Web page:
New Online Seed Savers Exchange
Most of you probably know by now that I get really excited about different, strange, or new vegetable varieties. (Maybe the reality is that I get bored easily with the regular varieties.) Of course, there is no better way to have crazy varieties to try than to look at heirloom varieties.
Now, the caveat when you start growing heirlooms is that you have to understand that the yield may be lower, the plants may be larger/more vigorous/gangly, and they may be more disease susceptible. Still, boring is not a word you would typically use to describe the experience of growing heirlooms.
If you want to learn about heirlooms and have the opportunity to browse through all the options, Seed Savers Exchange is a great place to start. Seed Savers is based in Decorah, IA at the Heritage Farm. They grow out heirloom seeds that they have collected over the years to produce seeds that you can purchase or that they can store to keep the genetics of those plants available for the future in their seed bank. Visiting the Heritage Farm is definitely on my bucket list!
Seed Savers publishes a catalog of heirloom vegetables, flowers, and herbs that you can purchase from them, which is great. Even better though, is to have the opportunity to browse through their Seed Exchange Yearbook. The yearbook is a huge book where gardeners from all over the world can list the heirloom varieties that they have grown and have seeds to exchange. There are thousands of entries! To get the Yearbook, you have to be a member of Seed Savers.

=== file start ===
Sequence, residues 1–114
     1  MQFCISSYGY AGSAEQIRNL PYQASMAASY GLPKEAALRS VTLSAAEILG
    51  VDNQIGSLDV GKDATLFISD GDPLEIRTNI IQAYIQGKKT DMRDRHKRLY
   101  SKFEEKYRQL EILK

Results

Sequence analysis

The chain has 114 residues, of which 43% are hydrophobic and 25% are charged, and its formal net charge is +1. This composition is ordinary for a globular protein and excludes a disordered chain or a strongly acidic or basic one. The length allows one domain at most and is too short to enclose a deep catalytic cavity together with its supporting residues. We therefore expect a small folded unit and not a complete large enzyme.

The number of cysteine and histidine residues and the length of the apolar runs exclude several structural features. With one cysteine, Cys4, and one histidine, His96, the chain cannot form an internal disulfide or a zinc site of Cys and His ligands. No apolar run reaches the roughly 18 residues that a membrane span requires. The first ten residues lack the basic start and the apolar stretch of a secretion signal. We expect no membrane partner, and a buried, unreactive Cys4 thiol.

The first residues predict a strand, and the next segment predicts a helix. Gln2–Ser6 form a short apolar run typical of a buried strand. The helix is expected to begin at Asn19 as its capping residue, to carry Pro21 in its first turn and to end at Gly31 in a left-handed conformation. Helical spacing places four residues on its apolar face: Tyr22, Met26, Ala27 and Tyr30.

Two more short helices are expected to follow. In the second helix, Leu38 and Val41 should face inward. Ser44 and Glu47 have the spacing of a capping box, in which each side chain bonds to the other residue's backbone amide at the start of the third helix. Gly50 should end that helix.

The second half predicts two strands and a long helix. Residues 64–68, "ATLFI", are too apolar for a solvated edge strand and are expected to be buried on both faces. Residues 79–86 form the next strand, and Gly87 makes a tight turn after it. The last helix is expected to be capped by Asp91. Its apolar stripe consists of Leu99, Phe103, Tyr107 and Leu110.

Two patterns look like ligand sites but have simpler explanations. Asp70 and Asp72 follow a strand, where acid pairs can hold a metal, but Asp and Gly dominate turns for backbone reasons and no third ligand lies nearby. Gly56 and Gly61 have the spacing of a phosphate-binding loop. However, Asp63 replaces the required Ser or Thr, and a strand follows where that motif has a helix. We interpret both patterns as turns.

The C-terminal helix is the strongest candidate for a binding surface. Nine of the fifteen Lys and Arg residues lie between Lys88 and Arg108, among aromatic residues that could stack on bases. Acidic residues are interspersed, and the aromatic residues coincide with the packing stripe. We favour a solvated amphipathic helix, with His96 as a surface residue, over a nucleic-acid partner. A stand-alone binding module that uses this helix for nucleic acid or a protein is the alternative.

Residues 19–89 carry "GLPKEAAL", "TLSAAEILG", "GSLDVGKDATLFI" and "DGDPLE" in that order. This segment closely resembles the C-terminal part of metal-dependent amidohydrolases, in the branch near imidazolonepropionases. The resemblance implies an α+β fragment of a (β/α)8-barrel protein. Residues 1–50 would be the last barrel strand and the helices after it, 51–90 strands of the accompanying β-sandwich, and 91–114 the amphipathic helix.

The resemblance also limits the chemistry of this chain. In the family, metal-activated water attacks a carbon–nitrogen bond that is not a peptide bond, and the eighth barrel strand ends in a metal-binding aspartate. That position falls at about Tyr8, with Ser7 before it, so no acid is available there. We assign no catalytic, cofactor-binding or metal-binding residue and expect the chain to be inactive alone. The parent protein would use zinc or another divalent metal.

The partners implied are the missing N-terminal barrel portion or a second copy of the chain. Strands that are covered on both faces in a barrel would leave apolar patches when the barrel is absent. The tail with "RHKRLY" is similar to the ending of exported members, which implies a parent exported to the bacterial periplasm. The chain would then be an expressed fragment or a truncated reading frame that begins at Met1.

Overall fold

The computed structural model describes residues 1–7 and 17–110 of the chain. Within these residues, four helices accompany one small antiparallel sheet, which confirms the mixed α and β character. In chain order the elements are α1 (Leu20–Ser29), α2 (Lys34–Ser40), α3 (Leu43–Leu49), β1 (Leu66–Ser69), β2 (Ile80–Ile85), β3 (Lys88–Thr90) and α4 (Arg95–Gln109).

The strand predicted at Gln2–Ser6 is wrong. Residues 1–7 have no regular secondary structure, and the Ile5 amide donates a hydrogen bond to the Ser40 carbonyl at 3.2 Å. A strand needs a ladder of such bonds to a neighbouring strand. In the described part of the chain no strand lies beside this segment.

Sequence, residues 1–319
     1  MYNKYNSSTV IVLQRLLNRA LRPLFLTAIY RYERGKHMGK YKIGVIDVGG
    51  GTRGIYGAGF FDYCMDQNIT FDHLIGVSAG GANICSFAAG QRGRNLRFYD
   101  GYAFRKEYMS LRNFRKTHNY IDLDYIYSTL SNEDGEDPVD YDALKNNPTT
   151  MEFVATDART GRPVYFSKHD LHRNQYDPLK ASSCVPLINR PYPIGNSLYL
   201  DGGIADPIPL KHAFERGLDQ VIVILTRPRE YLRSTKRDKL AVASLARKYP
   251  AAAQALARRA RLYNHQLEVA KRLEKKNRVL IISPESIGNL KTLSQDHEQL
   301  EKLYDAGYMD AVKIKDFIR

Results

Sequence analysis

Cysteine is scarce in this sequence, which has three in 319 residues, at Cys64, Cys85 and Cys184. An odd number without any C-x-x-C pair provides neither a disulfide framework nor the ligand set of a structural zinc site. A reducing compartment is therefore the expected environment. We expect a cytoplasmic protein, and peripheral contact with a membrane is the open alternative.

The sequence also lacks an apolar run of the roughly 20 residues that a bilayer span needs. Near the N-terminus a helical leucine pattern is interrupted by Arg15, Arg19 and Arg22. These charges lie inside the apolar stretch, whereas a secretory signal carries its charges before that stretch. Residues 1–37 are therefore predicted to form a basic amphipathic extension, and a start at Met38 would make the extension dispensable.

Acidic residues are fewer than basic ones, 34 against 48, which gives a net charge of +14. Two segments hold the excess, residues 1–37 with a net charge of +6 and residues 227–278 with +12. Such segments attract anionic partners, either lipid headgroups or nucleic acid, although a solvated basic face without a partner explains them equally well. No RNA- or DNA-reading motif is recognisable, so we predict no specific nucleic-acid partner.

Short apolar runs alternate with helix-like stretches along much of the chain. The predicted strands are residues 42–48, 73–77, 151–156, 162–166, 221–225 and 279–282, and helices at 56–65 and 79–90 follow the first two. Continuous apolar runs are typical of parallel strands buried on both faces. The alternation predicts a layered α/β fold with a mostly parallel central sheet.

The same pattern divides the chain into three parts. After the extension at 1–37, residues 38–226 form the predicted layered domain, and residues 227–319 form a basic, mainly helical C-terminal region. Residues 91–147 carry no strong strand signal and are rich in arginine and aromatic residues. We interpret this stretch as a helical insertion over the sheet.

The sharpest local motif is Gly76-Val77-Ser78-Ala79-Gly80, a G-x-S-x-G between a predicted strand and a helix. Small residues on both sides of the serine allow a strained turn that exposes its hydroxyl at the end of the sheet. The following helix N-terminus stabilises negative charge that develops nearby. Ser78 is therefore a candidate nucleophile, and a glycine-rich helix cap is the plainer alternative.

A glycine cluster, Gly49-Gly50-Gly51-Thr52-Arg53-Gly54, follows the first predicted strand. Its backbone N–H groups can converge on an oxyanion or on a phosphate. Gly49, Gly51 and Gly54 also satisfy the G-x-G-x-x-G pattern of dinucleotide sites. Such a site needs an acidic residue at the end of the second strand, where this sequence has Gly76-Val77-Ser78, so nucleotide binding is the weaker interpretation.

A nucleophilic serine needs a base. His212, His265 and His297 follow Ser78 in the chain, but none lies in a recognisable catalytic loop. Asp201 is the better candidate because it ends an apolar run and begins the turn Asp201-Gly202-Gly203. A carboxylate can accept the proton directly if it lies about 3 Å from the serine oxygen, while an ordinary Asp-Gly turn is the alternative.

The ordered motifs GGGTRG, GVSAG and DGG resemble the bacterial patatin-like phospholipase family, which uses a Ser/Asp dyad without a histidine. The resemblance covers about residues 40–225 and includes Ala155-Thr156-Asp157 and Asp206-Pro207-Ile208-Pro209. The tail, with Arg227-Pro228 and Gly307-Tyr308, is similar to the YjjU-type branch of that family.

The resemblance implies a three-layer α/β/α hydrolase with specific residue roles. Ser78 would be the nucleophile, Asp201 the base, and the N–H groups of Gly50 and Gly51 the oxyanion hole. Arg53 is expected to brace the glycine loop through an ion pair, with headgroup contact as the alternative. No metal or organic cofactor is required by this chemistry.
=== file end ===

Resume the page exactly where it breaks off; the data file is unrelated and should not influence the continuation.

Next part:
However, they have just rolled out their new Online Seed Exchange! You can browse through all of the listings to see what is available by visiting http://exchange.seedsavers.org. There are 9,965 tomato listings! This one caught my eye on the first page:
1884 – Strawberry Wedge: indet., regular leaf, 16 oz. wedge shape pink fruit, meaty flesh with little juice, good sweet flavor, good production
A 1 lb, wedge-shaped, pink tomato! Where do I sign up? Of course, that’s the catch. You can now see the listings without having a membership, but you still have to become a member if you want to get these varieties. Some varieties are rare and you have to agree to save seeds to get some seeds to grow out. If you are sad that it is December and can’t wait for spring, then you should click on over and browse through their listings.
If you get serious about trying some heirlooms, you might want to look for seeds that have been grown and saved in more southerly locations, because they will probably be better adapted to the heat of a Kansas summer.